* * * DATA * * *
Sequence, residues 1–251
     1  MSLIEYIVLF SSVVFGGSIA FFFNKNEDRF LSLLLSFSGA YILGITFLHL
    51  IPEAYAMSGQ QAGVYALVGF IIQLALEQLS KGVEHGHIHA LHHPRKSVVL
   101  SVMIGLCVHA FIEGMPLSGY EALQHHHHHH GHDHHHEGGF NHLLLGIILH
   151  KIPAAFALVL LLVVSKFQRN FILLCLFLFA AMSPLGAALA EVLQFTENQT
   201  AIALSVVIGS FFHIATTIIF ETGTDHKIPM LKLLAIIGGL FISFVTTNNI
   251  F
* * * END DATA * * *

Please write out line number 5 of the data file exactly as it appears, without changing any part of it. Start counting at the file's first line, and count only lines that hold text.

   151  KIPAAFALVL LLVVSKFQRN FILLCLFLFA AMSPLGAALA EVLQFTENQT